adidas Originals trainers: The complete guide
How well do you know your Continental 80's from your ZX Flux's? Brush up on your knowledge with our handy guide covering all things adidas Originals trainers.
What are adidas Originals?
Many brands have lines or divisions which form the foundation of their entire brand. Some are simply ‘basics’ or ‘essentials’, but others push things a little further. Sometimes lines of products developed to the point where a brand is allowed the creative freedom to explore visual concepts and unique ideas related to their overall message.
adidas Originals is exactly that - a subdivision in which adidas exhibits and honours its retro heritage.
Some of adidas’ most famous products have come from the Originals line - think the timeless Gazelles, the Sambas or the iconic Superstars. The development of newer creations such as the Torsion range (ZX Flux and similar shoes) display the brand’s willingness to not only honour the past, but to look to the future as well.
What's the difference between adidas and adidas Originals?
First things first, the logo.
The primary adidas logo, with its three angled stripes that increase in size from left to right, is easily one of the most recognisable in the world. However since 1998 the equally memorable Trefoil logo (pictured below) has sat alongside the three stripes, representing the Originals division. As soon as you see the famous Trefoil on the box, advertising or even the shoe itself, you can be sure its Originals.
Fun Fact: adidas purchased the Trefoil logo from Finnish sportswear company Karhu (who have now recently re-emerged as a major player in the trainer industry) in 1952 for the equivalent of €1600 and two bottles of whisky.
In terms of the footwear themselves, normal adidas trainers tend to be more functional and sport-focused, making use of durable and comfortable materials. The popular Ultraboost line is a good example. However, Originals tend to be more casual - employing materials such as suede and leather - often featuring more earthy, natural tones that allow for that indistinguishable retro feel, equally perfect for the terraces or the pub.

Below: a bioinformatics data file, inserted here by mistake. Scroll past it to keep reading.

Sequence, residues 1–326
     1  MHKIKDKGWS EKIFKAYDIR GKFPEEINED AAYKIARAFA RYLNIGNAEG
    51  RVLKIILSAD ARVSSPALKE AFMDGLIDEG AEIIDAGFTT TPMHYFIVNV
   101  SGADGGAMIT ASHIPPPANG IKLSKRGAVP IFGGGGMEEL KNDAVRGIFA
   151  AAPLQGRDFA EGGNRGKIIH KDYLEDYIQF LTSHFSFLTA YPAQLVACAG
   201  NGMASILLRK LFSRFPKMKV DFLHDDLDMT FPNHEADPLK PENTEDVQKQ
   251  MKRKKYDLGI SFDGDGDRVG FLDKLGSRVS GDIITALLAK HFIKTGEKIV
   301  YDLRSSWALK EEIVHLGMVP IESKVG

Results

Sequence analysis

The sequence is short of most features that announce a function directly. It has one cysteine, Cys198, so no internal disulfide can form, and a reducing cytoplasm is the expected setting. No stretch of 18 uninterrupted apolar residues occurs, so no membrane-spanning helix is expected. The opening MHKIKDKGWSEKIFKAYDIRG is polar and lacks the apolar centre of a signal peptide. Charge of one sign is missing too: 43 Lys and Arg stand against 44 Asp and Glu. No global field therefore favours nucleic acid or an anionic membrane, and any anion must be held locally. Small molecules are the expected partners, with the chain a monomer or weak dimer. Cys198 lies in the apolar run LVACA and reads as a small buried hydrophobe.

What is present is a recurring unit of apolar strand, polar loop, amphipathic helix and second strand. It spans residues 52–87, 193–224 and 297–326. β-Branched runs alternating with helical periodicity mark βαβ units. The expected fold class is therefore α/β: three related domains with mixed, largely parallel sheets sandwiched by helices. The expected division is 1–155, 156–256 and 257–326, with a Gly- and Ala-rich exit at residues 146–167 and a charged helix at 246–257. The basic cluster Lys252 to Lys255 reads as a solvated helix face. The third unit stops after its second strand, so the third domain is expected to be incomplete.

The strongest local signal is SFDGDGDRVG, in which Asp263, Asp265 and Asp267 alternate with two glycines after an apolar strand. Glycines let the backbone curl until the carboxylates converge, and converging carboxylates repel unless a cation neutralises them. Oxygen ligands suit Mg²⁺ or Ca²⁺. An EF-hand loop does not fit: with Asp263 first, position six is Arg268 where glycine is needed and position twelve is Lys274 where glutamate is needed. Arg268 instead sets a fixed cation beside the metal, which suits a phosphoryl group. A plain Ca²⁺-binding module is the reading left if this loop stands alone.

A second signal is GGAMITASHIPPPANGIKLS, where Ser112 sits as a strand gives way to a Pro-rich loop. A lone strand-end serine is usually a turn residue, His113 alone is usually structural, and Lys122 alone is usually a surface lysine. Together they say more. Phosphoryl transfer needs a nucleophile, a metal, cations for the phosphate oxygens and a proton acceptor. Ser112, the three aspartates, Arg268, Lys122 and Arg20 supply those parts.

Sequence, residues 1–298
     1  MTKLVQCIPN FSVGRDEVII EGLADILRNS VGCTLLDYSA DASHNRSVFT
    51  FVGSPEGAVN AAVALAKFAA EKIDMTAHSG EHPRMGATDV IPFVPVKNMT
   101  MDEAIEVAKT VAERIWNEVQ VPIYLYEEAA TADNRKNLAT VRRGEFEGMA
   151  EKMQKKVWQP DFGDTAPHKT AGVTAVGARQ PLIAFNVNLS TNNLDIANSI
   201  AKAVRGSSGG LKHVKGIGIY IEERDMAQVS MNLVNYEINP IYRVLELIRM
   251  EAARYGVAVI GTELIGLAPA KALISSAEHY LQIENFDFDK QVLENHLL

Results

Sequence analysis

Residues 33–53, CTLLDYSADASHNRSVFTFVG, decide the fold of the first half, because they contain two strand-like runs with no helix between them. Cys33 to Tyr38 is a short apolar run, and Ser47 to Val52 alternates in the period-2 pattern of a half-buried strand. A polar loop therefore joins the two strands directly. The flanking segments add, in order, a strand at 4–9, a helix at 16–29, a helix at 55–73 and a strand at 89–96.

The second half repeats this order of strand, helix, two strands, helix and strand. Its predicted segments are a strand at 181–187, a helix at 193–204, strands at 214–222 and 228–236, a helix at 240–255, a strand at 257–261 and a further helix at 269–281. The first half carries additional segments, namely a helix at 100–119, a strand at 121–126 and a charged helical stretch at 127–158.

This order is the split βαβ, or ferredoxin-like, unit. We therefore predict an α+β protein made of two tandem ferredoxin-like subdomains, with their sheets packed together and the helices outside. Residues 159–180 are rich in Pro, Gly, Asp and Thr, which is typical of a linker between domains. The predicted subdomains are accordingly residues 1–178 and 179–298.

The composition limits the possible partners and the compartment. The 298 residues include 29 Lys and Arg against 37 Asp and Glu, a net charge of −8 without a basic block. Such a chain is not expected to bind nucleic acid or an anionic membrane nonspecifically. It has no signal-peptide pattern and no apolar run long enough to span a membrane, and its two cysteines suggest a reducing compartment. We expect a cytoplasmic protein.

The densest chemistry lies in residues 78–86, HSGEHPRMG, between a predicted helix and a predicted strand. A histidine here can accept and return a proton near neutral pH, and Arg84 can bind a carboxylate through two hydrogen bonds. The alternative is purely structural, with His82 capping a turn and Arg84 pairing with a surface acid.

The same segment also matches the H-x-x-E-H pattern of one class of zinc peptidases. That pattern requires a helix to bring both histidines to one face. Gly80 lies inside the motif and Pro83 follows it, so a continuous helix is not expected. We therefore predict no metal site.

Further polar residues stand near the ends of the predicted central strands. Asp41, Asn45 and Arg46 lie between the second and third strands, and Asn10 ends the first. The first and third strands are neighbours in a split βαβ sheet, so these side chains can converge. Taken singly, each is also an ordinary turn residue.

That isn’t to say though that Originals can’t be worn for running. As mentioned before, adidas have started to expand into other avenues with the Originals division through the development of more functional offerings such as the Falcon or ZX Flux. The Torsion sole provides excellent comfort whilst exercising and so is a popular choice amongst gym-goers.
Top 7 adidas Originals Trainers for 2019/20
7. adidas Jeans
A staple of the terraces that, unsurprisingly, go perfectly with a pair of jeans. These beauties have the tip of the Samba and a similar design to the Gazelle, but are unique due to their shape down each side, where the midsole (the visible side portion between the sole and the side of the shoe) becomes narrower in a sleek design. Readily available in a variety of colours for a very respectable £75.
6. adidas Nite Jogger
Another shoe now with a fairly obvious title, the Nite Jogger. Recently re-released as an updated version of the 1980s classic, these trainers employ the use of a Boost sole (Ultraboost, Alphaboost etc) for maximum cushion when running. They also feature 3M reflective strips for maximum visibility at night. The functionality of a sports shoe, with the design and feel of an Originals, these truly are the best of both worlds.
They start from £110 but seeing as they are not a staple of the Originals line, many are already popping up on sale from as little as £55 - expect to see even more of these kind of deals in the lead up to Black Friday.
5. adidas Ozweego
Bringing it slightly forward with a 90s remaster now, it’s the Ozweegos. These feature a large sole for maximum absorption and cushioning, yet are surprisingly lightweight. Dedicated forefoot support further enhances their comfort - this, along with their overall durability ensures they are perfect for any busy days. Starting at £90.
4. adidas Sobakov
Also released in 2019, these understated casual trainers divide opinion. Inspired by modern football culture, they offer a unique take on the famous three stripes, however I think it is the gum sole that is putting some people off rather than the actual shoe itself. They are decidedly laid back in appearance and as such look great with a pair of tracksuit bottoms.
They start at £100 but again, don’t be surprised if you could grab a pair for around the £60 mark. Oh, and a pair featuring a Boost sole have been released now too.
3. adidas Yung 1